Ontario premier-designate Doug Ford has vowed that his first act in the legislature will be to scrap the province’s cap-and-trade program.

“In Ontario, the carbon tax’s days are numbered,” he announced Friday during a news conference at Queen’s Park in Toronto. 

Ford, who will be sworn in later this month, campaigned on a promise to dismantle Ontario’s existing cap-and-trade program, which is aimed at reducing carbon emissions, and to cut gas prices by 10 cents per litre. He also vowed not to bring in any new carbon tax to replace it.  

The Power Panel discusses Doug Ford’s plan to end Ontario’s cap-and-trade system. 6:58

“I promised that we would make life more affordable in Ontario. I promised we would reduce gas prices and respect your hard-earned money,” he said.  

Ford plans to do this while also cutting government spending by at least $6 billion, reducing the tax rate in the province’s middle income tax bracket, lowering the corporate tax rate and significantly cutting hydro bills for residents.

Current cap-and-trade guidelines

Cap-and-trade accounted for around $1.9 billion in revenue last year while the fuel tax brings in $2.7 billion in revenue.

Under the province’s current legislation, a system first adopted by Quebec in 2013, revenue was invested in programs that reduce emissions and help businesses and consumers adapt to a low-carbon economy.

Ontario’s cap-and-trade system strives to lower greenhouse gas emissions by setting limits and letting companies that exceed them purchase so-called allowances from other emitters whose emissions fall below the cap. (Frank Gunn/Canadian Press)

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The goal of the system is to lower greenhouse gas emissions by setting limits on the amount of pollution companies in certain industries can emit. Certain electricity importers, natural gas distributors and fuel suppliers are among those required to participate.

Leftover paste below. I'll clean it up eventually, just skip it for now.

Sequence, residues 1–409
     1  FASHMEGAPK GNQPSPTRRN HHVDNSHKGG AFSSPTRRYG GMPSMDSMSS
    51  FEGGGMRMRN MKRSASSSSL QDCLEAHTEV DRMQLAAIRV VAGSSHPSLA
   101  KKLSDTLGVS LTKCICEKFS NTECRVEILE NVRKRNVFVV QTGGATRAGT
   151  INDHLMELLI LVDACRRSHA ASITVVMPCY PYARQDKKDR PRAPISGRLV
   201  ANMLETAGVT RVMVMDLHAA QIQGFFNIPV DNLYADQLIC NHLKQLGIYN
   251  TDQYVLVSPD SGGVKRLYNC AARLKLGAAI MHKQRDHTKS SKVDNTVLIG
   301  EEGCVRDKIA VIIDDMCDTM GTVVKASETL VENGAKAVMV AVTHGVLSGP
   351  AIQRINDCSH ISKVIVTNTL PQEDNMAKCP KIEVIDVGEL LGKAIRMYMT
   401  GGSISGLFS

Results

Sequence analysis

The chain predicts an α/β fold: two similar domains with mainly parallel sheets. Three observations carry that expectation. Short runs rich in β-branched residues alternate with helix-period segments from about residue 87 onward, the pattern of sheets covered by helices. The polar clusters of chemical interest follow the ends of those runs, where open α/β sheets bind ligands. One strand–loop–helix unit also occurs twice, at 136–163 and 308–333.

If these large emitters exceed those limits, they must buy an equal number of so-called allowances at auction or from other companies that come in under their limits. 

“The companies will be quite happy that they won’t be paying in the future,” Ford said when pressed about the possibility that the province will reimburse businesses who paid into the $1.9 billion in allowances. 

Could impact financial incentives to cut energy use

Environmental advocates criticized Ford’s plan, calling it a “bad idea for many reasons,” including the impact it will have on the programs it funds.

“This means no more money to help businesses become more energy efficient, no money for social housing energy retrofits, and no money for colleges, universities and hospitals to reduce their energy use,” Keith Brooks, programs director for the Toronto-based advocacy group Environmental Defence, said in a statement.

Currently, municipalities in Ontario receive two cents per litre on gas that is taxed under the provincial fuel tax to help fund their public transit networks. That figure is set to increase to four cents per litre by 2021. Ford has previously said that municipalities won’t see a decline in that money despite the promised reduction in the gas tax.